Take this ignorance and insensitivity and add it to Murphy's undeniable talent for mimicry, his comic timing and wit, and what you get is a showbiz atrocity. As a showbiz kid, Murphy has adopted the "Black consciousness" of white ideology: Murphy sees and comments upon Black people, life, and experience in ways and terms that the mainstream readily understands and that, I fear, make Black people tolerable to whites so that they won't be surprised by Blacks and won't have to fear them or respect them.
Unlike Richard Pryor, Murphy does not make humor about how we are all foolish, ambitious, shy, neurotic, horny, greedy, and human. He confirms how Black people really are the stereotypes their enemies have always claimed. This may be New Age Blackness, which accepts denigration by others. After all, one does not make movies that gross an average of $75 million . . . by appealing only to the interests of a minority audience.

And now, only last week in the New York Press:

It’s not the ethnic and gender stunts that prove Murphy’s ingenuity. He has learned (perhaps from Jerry Lewis’ example) to place his gift for mimickry [sic] in an appealing context. Norbit takes place in a fairytale setting, an All-American burg called Boiling Springs that combines the small-town settings of It’s a Wonderful Life, Back to the Future and The Miracle of Morgan’s Creek (the name Norbit is no doubt derived from Eddie Bracken’s Norbert) for a spoof on American gentility which Murphy then integrates with explosive caricatures. It’s a democratizing impulse, less hostile than the Wayans Brothers’ satire Little Man but not far from that underappreciated film’s skepticism about American complaisance. Both Norbit and Little Man express how black comics self-consciously relate to ideas of normalcy. Here, Murphy’s gender/ethnic split embraces a sense of freakishness because Norbit, Rasputia and Mr. Wong are all, also, on a realistic continuum. We laugh at their types since we, in fact, recognize their types. . . .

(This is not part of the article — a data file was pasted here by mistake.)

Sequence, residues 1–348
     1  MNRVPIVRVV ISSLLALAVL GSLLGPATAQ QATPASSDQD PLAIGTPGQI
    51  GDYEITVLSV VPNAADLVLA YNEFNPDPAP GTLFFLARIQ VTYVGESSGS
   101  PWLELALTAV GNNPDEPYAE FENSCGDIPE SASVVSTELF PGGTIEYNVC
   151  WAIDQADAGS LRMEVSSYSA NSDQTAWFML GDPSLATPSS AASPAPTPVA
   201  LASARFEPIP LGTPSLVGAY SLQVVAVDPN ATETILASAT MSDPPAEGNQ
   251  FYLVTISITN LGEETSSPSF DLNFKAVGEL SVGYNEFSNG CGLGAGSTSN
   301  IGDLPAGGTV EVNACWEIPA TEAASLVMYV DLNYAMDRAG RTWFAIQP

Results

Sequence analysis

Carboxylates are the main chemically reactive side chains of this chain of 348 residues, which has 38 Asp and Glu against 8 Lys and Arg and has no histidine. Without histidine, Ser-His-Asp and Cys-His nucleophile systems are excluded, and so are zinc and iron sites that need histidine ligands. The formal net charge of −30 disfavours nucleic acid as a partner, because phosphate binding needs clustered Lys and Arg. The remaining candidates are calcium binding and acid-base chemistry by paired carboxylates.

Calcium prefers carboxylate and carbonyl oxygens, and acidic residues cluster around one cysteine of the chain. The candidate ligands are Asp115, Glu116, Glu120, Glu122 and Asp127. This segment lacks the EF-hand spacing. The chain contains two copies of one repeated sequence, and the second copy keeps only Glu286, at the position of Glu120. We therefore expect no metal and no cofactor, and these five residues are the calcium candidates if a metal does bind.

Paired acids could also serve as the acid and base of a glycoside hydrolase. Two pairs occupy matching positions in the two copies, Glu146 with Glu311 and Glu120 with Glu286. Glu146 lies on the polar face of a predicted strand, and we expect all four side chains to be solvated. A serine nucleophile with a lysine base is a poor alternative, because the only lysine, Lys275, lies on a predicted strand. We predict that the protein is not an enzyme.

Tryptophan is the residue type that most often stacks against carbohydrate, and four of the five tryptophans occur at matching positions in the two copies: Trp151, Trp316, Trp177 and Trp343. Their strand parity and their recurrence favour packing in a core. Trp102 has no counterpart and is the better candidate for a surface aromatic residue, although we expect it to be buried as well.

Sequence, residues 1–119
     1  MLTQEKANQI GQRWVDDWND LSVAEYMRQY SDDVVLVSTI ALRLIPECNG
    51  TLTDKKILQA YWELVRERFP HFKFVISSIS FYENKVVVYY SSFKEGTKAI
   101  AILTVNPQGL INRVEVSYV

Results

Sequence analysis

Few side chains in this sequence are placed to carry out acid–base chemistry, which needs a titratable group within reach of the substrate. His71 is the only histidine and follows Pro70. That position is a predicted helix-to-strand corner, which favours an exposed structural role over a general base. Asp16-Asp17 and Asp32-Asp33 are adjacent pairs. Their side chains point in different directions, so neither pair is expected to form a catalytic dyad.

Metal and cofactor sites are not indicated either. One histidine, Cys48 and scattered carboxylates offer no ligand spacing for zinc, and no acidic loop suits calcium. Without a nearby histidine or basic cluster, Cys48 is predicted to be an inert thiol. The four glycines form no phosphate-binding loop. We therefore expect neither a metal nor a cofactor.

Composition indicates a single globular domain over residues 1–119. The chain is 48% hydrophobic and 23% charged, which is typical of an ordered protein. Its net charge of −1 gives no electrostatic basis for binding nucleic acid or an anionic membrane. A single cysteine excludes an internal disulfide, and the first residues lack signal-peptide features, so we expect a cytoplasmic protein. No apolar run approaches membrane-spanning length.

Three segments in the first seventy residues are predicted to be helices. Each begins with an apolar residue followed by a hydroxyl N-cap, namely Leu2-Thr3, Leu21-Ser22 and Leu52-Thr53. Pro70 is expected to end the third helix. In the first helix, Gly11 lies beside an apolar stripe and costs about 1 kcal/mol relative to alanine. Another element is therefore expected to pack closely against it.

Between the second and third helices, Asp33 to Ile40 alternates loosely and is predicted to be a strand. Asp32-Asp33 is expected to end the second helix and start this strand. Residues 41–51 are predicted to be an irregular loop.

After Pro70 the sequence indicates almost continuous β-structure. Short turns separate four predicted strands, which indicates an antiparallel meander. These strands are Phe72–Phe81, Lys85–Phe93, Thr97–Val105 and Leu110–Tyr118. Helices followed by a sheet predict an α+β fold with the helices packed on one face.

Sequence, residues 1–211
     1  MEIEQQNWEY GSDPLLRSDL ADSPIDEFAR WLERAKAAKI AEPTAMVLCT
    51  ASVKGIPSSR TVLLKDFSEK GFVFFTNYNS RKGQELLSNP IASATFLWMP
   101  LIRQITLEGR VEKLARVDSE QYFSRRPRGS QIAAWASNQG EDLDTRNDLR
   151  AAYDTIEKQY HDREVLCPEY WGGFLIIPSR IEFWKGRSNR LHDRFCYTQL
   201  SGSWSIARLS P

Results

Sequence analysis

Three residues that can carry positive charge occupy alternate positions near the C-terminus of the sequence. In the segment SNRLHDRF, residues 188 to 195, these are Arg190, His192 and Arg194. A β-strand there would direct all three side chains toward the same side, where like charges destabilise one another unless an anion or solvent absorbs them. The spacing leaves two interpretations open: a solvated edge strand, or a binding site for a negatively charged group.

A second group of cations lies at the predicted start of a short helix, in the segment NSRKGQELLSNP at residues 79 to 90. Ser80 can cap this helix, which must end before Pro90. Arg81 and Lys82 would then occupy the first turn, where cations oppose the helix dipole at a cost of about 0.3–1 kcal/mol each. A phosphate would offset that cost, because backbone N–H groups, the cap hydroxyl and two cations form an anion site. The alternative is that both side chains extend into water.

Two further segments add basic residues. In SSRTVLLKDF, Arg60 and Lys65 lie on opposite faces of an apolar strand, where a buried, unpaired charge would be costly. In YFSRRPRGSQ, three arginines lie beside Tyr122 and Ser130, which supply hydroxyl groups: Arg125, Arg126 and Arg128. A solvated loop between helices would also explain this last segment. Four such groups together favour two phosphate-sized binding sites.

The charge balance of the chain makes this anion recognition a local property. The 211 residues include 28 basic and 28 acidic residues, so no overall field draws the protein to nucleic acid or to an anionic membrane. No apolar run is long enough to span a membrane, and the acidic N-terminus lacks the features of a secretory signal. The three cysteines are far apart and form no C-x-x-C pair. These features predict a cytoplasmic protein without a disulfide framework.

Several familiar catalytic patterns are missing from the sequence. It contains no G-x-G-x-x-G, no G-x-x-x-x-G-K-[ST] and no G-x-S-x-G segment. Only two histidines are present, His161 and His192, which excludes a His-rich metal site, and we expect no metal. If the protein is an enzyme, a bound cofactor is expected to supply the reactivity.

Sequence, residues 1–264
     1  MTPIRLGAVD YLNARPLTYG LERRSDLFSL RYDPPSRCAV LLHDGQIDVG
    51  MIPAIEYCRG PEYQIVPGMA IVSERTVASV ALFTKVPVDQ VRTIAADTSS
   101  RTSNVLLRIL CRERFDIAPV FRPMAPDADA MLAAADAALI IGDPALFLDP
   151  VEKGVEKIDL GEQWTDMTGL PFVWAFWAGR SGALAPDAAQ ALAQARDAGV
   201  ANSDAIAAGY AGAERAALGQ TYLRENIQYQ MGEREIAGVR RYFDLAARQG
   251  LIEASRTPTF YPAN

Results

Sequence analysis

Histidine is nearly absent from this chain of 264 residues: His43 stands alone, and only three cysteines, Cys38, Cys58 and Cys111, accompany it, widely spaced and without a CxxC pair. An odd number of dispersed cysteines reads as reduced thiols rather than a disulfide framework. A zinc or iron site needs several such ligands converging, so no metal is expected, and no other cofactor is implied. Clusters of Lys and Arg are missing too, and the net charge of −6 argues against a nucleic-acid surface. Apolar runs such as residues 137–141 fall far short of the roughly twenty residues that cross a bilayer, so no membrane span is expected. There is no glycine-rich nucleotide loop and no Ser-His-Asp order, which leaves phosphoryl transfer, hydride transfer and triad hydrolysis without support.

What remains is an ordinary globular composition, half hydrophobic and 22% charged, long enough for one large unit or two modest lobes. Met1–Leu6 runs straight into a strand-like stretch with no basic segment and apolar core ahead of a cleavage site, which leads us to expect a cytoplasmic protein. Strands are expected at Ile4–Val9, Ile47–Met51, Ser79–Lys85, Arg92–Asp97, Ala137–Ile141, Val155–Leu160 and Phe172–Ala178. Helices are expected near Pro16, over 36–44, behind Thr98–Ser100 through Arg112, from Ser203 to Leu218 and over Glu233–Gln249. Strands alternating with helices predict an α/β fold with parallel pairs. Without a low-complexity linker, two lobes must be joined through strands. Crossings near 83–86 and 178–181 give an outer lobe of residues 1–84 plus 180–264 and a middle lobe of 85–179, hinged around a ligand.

It’s significant that Murphy has moved past the family quandary of
The Nutty Professor 2: The Klumps (where he was at his most brilliant) into an area of sly social commentary. When Mr. Wong querulously says “Blacks and Jews love Chinese food. Go figure!” it tweaks the anomalies of American habit at which ethnic comics are rightly bemused.
Murphy responds to post-Dave Chappelle self-insult comedy with a better, more experienced sense of self-awareness (that is, self respect).
Norbit is the meek part of Murphy, yet he wears a perfectly spherical Afro (like the teens in TV’s “What’s Happening”) that is like a halo of blackness—a nostalgic affection for his own youth. And don’t get angry at Norbit’s attempt to off his ogre-wife; its precedents recall Walter Mitty performing the Martha Rayes scenes of Chaplin’s Monsieur Verdoux. Not misogynist, just a funny function of a frustrated id. Rasputia herself is an outsized image of the frustrations that fuel obesity and black female stereotypes that turn into (often comical) rage. Dig the name, Rasputia. It’s a satirical ghetto moniker that brilliantly suggests a blinkered awareness of the non-black world; a joke worthy of Murphy’s terrific animated TV series “The PJs.”

How the mighty have fallen, not only in terms of basic sensitivity but in terms of critical insight. And this from the man once considered the leading African-American film and culture critic. Sad, really. If any current Armond White review demonstrates the self-willed blindness he's effected in order to place himself in uncomplicated opposition to the critical majority, no matter how weak his own reasoning or how off the mark his points, this is it. We'll talk more about it later.

Thursday, February 1, 2007

New York Press Review: "The Good Shepherd"

We know, we know. We'll talk about it later.
We finally got to see The Good Shepherd, a very good film -- a little too proper for our own personal tastes but still an engrossing account of the CIA and one man's descent into emotional callousness for its cause. Going back to Armond White's review of the film from approximately a month ago we saw that he perfectly describes how Robert De Niro generates empathy for Matt Damon's aware but self-effacing anti-hero while also exploring the complex motivations behind involvement in something as bureaucratic and bizarre as a secret government agency (although AW does skimp on the issue of racial exclusivity, which he barely acknowledges as "privilege.") But for one unforgettable moment Armond succumbs to the temptation for a cheap shot and consequently lapses into classic frothing mode:

This may be the boldest movie characterization of the year because it defies the snarky, anti-American, self-hatred and nihilism and distrust of Bush-bashers, also known as Borat-mania.

Sigh. And you wondered why we were away for so long?